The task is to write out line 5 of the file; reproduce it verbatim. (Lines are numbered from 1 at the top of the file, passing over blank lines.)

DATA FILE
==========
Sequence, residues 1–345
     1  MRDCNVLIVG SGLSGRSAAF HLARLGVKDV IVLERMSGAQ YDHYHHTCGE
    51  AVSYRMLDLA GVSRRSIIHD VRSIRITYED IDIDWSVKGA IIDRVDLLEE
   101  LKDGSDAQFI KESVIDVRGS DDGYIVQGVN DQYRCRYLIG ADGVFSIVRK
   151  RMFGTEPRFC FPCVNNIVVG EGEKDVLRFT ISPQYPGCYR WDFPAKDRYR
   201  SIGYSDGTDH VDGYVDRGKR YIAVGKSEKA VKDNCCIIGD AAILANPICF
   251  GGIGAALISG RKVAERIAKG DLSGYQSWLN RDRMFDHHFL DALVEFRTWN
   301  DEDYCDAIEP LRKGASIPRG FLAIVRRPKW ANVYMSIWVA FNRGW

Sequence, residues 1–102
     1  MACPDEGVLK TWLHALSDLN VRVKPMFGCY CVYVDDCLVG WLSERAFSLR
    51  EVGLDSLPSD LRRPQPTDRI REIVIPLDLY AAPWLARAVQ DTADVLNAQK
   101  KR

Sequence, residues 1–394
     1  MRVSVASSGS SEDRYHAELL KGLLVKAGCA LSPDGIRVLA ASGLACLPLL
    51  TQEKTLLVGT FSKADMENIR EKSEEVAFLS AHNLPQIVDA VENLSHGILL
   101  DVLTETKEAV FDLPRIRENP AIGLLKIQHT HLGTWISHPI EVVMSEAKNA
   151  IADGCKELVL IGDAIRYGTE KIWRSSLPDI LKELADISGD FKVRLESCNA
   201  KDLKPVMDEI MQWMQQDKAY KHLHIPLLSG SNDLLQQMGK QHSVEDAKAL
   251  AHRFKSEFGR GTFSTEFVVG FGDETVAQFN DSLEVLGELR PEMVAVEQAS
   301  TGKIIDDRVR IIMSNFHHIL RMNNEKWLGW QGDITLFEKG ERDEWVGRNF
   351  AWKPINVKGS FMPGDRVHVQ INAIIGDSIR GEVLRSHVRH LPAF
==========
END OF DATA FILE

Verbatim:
   151  RMFGTEPRFC FPCVNNIVVG EGEKDVLRFT ISPQYPGCYR WDFPAKDRYR